As described in Lazar and Tóth (IEEE Transactions on Circuits and Systems—I: Regular Papers, Vol. 51, No. 10, 2004), which is hereby incorporated by reference, time encoding of a band-limited function x(t) is a representation of x(t) as a sequence of strictly increasing times tk. Alternatively, the output of an encoder can be a digital signal that switches between two values ±b at times tk.

There are two natural requirements that a time-encoding mechanism has to satisfy (Lazar and Tóth, 2004). The first is that the encoding should be implemented as a real-time asynchronous circuit. Second, the encoding mechanism should be invertible, i.e., the amplitude information can be recovered from the time sequence with arbitrary accuracy.

Radio-frequency, or RF, signals are electromagnetic signals, i.e. waveforms with electrical and magnetic properties within the electromagnetic spectrum normally associated with radio wave propagation. Many communication systems modulate electromagnetic signals from baseband to higher frequencies for transmission, and subsequently demodulate those high frequencies back to their original frequency band when they reach the receiver. The original (or baseband) signal may be, for example, data, voice or video. These baseband signals may be produced by transducers such as microphones or video cameras, may be computer-generated, or may be transferred from an electronic storage device. In general, the high frequencies provide longer range and higher capacity channels than baseband signals, and because high-frequency signals can effectively propagate through the air, they can be used for wireless transmissions as well as hard-wired or wave-guided channels.

However, to our knowledge, there have been no successful attempts in the art at frequency conversion of time-encoded signals. There is a need in the art to provide circuits that are capable of being used as building blocks for software-programmable time-encoded radio receivers. What is essentially needed is a complete radio receiver system that includes effective time-encoded filters and down-converters.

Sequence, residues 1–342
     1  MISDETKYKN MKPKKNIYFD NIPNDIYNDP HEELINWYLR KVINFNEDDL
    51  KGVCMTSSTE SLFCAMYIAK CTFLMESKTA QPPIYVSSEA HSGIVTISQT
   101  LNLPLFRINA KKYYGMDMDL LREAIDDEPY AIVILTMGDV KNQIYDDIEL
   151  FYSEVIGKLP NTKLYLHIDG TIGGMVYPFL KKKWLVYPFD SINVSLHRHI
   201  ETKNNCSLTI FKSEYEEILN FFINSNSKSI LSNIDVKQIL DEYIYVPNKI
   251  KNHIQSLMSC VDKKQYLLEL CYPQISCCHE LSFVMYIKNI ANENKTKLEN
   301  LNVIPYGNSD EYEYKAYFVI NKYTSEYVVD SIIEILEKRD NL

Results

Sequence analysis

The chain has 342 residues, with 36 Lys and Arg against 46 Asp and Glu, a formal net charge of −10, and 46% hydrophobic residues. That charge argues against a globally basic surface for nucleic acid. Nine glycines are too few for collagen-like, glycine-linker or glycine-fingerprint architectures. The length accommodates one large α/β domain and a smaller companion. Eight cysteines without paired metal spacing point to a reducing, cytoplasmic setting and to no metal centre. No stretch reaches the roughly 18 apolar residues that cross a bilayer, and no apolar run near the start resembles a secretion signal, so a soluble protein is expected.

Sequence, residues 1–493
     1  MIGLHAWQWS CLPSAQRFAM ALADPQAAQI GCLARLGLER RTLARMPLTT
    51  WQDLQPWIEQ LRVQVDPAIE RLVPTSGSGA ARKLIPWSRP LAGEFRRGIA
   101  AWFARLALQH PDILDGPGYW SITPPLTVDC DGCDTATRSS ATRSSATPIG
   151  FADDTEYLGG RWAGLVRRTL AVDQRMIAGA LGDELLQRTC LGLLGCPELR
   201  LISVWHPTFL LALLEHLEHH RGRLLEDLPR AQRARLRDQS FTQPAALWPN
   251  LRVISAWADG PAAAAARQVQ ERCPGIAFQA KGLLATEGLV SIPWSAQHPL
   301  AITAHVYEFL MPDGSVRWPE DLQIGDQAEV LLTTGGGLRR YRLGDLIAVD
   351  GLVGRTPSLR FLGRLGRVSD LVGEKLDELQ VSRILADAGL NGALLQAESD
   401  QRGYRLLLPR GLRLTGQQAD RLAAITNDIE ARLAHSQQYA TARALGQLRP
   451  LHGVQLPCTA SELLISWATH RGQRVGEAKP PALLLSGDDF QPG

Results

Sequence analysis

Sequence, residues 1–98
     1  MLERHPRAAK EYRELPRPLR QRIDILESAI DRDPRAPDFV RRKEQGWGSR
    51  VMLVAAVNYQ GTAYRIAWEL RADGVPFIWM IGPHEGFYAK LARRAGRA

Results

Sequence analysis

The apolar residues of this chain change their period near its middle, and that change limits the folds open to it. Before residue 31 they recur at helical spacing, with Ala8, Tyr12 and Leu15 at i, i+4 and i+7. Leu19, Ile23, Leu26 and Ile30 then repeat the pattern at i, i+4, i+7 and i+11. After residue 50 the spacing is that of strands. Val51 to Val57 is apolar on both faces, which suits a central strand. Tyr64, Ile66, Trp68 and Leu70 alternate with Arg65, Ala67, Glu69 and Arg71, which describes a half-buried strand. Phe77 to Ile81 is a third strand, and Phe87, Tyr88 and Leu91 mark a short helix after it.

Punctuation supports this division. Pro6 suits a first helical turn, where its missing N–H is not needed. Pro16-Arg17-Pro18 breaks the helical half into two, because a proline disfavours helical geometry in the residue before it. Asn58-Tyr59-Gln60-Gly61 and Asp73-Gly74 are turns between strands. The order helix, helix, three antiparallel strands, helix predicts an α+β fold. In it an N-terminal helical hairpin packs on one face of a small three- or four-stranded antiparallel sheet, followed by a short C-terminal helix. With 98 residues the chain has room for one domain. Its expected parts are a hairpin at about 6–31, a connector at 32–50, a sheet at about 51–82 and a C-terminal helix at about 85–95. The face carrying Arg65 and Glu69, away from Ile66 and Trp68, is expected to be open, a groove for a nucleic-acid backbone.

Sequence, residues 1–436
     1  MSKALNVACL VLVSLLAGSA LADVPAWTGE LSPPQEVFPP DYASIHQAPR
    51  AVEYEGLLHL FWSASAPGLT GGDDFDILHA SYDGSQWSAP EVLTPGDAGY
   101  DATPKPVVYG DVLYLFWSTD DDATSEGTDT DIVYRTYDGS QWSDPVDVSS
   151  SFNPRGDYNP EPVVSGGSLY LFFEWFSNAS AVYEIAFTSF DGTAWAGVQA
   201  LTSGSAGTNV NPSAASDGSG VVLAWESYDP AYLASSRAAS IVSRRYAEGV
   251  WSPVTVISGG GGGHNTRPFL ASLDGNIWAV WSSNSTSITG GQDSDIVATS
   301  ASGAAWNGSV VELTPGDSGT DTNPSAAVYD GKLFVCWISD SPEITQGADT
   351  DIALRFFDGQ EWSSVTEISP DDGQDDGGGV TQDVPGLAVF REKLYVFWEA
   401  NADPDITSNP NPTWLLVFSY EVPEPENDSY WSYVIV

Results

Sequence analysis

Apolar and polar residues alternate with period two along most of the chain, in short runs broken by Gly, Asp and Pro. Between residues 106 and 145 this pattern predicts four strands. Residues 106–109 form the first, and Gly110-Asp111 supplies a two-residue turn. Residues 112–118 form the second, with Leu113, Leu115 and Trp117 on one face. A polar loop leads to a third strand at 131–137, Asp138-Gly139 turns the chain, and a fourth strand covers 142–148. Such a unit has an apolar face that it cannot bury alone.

SUMMARY OF THE INVENTION

In a first aspect of the present invention, a down-converter circuit is provided, comprising (i) at least two low-pass filters, (ii) a switch, (iii) a time encoder, and (iv) an output low-pass filter.

In some embodiments of this first aspect, the circuit is capable of down-converting in frequency a time-encoded signal and converting said signal into analog format. The circuit, in certain embodiments, is capable of receiving a time-encoded signal in differential format. The time-encoded signal can be generated by a differential output time encoder or by a time-encoded filter with differential output.

In some embodiments of this first aspect, the low-pass filters are capable of rejecting an asynchronous pulse frequency of an input signal. In some embodiments, the time encoder is capable of generating a square wave and controlling the switch. The time encoder can include an external frequency reference.

In a second aspect of the present invention, an up-converter circuit is provided, comprising: (i) an analog or digital input time encoder, (ii) at least two low-pass filters, (iii) a switch, (iv) a second time encoder, and (v) a time-encoded band-pass filter.

In some embodiments of this second aspect, the circuit is capable of up-converting in frequency an analog or digital signal and converting the signal into time-encoded format. In certain embodiments, the input time encoder is capable of providing differential output. The time encoder can be locked to a frequency reference.

In some embodiments of this second aspect, the time encoder is capable of generating a square wave and controlling the switch. Preferably, the time-encoded band-pass filter is programmable.

A third aspect of the present invention provides a receiver system comprising:

(a) an antenna;

(b) a filter;

(c) a time encoder;

(d) a router of time-encoded signals;

(e) a plurality of programmable time-encoder filters including at least one time-encoded input and at least one time-encoded output; and

(f) a plurality of circuits, each circuit comprising at least two low-pass filters, a switch, a time encoder, and an output low-pass filter.